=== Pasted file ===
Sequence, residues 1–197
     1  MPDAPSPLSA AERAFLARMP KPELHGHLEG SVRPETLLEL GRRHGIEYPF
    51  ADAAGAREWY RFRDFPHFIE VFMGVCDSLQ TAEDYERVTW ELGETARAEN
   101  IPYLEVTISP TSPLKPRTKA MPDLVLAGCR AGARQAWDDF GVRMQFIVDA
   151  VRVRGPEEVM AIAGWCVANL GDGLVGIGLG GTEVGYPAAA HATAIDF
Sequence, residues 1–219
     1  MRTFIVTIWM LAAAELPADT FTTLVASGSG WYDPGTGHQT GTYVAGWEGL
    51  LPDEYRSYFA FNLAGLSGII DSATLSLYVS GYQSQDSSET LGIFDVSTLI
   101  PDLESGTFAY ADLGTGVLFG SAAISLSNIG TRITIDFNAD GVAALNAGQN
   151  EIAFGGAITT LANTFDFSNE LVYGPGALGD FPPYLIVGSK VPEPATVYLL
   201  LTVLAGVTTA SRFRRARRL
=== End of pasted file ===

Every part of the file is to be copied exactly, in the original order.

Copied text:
Sequence, residues 1–197
     1  MPDAPSPLSA AERAFLARMP KPELHGHLEG SVRPETLLEL GRRHGIEYPF
    51  ADAAGAREWY RFRDFPHFIE VFMGVCDSLQ TAEDYERVTW ELGETARAEN
   101  IPYLEVTISP TSPLKPRTKA MPDLVLAGCR AGARQAWDDF GVRMQFIVDA
   151  VRVRGPEEVM AIAGWCVANL GDGLVGIGLG GTEVGYPAAA HATAIDF
Sequence, residues 1–219
     1  MRTFIVTIWM LAAAELPADT FTTLVASGSG WYDPGTGHQT GTYVAGWEGL
    51  LPDEYRSYFA FNLAGLSGII DSATLSLYVS GYQSQDSSET LGIFDVSTLI
   101  PDLESGTFAY ADLGTGVLFG SAAISLSNIG TRITIDFNAD GVAALNAGQN
   151  EIAFGGAITT LANTFDFSNE LVYGPGALGD FPPYLIVGSK VPEPATVYLL
   201  LTVLAGVTTA SRFRRARRL